Livening or Deadening the Performance Space
Ray A. Rayburn

   By Guest Contributor   Categories: Live Audio Show

A hall that is too live can be easily deadened by placing velour material at strategic points in the performance space. Where possible, the velour should be hung over balcony railings or freely hung away from the walls as banners. A little will often go a long way, and it is highly recommended that an acoustical consultant be engaged to oversee this temporary modification.

It is a bit more complicated to liven a space, but the technique detailed in Figure 1 produces surprising results. The effect of the 0.004 in (0.1 mm) thick vinyl material is to reflect high frequencies arriving at a fairly low grazing angle of incidence. It does not have to be stretched in any manner; rather, simply laid over the seating area. (The vinyl material in question is available at building supply stores under a number of trade names. No material less than 0.004 in. thickness should be used.)

Figure 1: Livening the recording venue: section view (A); measured reverberation time with and withoutplastic material (B).

If the walls of the hall are plaster, then increasing the humidity in the hall will reduce the acoustic absorption of the plaster, increasing the reverberation time. This technique was used for many of the RCA recordings of the Philadelphia Orchestra under Eugene Ormandy. Large steam humidifiers were run in the hall for the week before the recording session to adjust the acoustics. Because of the noise generated by the humidifiers they were then turned off for the actual recording session.  As discussed in Eargle’s Microphone Book, 3e, artificial reverberation on accent microphones is an accepted practice in current classical recording; however, there is no substitute for natural reverberation to enhance the primary pickup via the main microphones and house microphones.

How Much Reverberation Is Needed in the Recording?

Music of different periods will require varying amounts of reverberation, both in level and in decay time. General recommendations for concert venues, as a function of room volume and music type, are given in Figure 2. In general, reverberation times exceeding about 2.5 seconds will sound rather unnatural on orchestral musical, whatever the period. Both classical and modern era music fare best with reverberation times on the order of 1.5 s, while romantic compositions may do with reverberation times up to 2 s. While ecclesiastical music is often heard in large spaces with up to 4 or 5 s of reverberation time, in recording it is probably better to err on the short side in order to keep the reverberation from interfering with musical details.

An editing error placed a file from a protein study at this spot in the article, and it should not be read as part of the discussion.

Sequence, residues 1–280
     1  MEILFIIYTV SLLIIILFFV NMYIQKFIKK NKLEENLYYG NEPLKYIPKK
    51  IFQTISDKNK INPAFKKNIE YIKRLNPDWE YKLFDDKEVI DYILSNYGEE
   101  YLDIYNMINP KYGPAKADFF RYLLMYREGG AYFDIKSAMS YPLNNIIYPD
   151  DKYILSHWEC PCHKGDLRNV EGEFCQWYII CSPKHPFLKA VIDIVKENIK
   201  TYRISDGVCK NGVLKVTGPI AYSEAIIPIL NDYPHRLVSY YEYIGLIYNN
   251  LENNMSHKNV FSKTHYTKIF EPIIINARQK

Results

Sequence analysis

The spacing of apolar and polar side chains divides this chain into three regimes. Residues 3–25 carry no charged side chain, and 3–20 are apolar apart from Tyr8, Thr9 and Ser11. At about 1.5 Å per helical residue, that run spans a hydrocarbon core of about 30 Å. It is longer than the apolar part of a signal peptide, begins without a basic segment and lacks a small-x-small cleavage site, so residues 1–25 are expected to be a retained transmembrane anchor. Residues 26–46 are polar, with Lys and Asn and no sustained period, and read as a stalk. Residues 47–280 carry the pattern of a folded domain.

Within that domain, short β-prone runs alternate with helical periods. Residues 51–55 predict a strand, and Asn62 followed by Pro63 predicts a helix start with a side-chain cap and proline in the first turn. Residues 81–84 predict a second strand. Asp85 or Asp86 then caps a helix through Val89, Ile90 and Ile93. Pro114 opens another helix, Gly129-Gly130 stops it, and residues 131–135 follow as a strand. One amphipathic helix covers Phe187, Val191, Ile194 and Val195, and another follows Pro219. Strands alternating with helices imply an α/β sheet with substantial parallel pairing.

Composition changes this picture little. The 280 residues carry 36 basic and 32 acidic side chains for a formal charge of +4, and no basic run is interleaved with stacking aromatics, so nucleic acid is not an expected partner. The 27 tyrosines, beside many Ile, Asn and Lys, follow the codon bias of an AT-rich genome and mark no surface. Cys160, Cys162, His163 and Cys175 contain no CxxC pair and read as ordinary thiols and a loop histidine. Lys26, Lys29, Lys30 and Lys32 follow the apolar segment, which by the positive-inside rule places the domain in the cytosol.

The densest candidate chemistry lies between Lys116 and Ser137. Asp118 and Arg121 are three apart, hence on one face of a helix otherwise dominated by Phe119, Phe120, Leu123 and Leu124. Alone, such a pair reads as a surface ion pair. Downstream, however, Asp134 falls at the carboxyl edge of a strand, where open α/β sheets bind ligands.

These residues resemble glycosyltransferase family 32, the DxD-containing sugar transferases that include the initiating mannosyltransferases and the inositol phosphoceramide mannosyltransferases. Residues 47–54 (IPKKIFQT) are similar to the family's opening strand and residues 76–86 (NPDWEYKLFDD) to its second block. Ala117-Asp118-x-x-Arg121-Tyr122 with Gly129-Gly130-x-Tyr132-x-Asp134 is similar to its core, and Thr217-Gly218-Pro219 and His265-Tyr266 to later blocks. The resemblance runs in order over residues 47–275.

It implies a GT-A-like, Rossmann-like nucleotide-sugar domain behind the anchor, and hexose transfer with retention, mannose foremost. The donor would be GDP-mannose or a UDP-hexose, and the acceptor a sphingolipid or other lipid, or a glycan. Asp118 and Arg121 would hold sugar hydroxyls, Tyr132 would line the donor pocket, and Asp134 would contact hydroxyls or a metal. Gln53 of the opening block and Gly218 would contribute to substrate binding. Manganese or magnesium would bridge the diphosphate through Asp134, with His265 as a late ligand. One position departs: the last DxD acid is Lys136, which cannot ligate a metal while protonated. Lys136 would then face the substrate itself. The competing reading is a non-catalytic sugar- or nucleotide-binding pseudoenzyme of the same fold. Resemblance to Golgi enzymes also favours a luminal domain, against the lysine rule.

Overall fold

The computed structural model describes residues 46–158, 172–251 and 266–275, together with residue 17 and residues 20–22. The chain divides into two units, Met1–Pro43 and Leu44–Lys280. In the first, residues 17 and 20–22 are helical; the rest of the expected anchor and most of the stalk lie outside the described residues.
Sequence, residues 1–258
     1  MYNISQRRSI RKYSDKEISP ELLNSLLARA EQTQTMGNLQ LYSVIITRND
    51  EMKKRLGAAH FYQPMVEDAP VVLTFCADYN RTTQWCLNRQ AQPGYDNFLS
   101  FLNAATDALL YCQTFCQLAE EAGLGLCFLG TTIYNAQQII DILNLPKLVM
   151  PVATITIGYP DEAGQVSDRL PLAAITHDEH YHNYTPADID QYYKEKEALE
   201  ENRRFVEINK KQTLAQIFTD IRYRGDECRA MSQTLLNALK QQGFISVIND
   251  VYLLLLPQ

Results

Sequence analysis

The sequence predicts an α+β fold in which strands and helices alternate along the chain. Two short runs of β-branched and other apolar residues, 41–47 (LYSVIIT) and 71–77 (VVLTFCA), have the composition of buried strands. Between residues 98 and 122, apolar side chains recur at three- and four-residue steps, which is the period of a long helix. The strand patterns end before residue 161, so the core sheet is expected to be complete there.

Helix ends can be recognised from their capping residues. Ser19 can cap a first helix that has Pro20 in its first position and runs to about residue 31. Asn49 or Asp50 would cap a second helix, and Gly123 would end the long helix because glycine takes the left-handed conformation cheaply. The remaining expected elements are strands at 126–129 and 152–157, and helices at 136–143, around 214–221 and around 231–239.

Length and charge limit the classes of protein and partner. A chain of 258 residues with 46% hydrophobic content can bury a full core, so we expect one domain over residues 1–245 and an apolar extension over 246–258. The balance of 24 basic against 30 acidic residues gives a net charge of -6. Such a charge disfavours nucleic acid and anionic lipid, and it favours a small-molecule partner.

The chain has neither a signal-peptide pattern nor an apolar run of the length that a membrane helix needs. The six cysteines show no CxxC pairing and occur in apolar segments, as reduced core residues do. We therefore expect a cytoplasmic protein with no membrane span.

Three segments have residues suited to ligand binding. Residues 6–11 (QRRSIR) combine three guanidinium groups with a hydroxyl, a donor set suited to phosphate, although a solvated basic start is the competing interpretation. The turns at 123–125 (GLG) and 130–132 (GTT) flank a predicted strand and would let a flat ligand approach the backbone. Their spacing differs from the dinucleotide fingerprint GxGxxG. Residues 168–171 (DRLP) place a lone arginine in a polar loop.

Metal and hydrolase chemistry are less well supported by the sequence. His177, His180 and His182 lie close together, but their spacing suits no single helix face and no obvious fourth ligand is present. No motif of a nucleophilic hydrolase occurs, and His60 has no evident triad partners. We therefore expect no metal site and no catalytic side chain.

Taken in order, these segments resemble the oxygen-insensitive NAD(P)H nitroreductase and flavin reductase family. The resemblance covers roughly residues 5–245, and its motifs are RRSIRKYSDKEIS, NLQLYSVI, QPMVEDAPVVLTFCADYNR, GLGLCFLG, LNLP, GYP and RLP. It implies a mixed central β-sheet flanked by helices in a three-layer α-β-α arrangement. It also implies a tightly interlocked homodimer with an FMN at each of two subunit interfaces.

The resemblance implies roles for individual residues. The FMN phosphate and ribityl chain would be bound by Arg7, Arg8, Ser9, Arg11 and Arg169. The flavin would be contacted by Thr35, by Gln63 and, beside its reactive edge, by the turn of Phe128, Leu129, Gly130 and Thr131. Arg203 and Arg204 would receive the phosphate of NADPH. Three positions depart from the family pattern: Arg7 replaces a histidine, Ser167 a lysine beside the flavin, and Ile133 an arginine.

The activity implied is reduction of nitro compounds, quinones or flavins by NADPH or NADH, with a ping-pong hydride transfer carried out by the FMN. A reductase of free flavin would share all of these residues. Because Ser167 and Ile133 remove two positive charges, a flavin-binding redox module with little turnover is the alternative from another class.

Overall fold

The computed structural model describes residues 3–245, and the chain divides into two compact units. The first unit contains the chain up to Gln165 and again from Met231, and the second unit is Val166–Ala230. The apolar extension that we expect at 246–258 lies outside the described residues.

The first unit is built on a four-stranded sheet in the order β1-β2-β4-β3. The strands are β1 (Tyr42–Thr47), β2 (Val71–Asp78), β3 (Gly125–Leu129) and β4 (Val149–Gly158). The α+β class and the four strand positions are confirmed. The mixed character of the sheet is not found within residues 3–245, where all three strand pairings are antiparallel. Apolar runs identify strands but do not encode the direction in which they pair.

Figure 2: Typical reverberation times versus room volume for various types of music (A); normal variation of LFand HF reverberation times compared with the midband (B).

Kuhl (1954) developed the data shown in Figure 3. Here, monophonic recordings were played for a listening panel whose individual preferences for reverberation time are plotted. The median points are taken as target values. We need to add that these tests, if repeated today in stereo, could result in slightly longer target reverberation time values, due to the ability of stereo listening to delineate direct-to-reverberant details more accurately than in mono listening. In any event, the tendencies shown here are certainly relevant in today’s recording activities.

Figure 3: Kuhl’s data on preferred recorded reverberation times for three orchestral works.

Once the target reverberation time has been established, the amount of reverberation introduced into the recording is critical. The sound picked up by the house microphones and introduced into the stereo mix will determine this ratio. This is an area where accurate loudspeaker monitoring conditions and experience on the part of both engineer and producer are of primary importance. In many cases, this important judgment is not made until the postproduction stage.

Maintaining a Consistent Fore-Aft Perspective

It is up to the engineer and producer to determine the effective “distance” of the pickup, relative to the stage, and make it convincing. Rather than placing microphones at Row J, we make the recording fairly close-in, and then we introduce reverberation to “zoom out” to where we want it to be. A slight increase in the amount of signal from the house microphones will result in a surprising increase in effective distance, so care should be taken in making these balances. When musical reasons justify this, it may be desirable to pan in the main flanking microphones very slightly toward the center, just to give the direct stage pickup a slightly narrower image to match the increase in apparent fore-aft distance. If this is not done, we run the risk of making a recording with conflicting spatial cues; it may sound both close-in and distant at the same time.

Above is an excerpt from Ray’s book, Eargle’s The Microphone Book, 3e.

Ray A. Rayburn is a Senior Consultant with K2 Audio LLC. He is a member of the AES Standards Working Group on Microphones, and Chair of the Standards sub-committee on Interconnections.  He is also a recording engineer with a lifetime interest in microphone use, testing, and design.  Ray is also the author of the recently published Eargle’s The Microphone Book, 3eVisit the book’s companion site!

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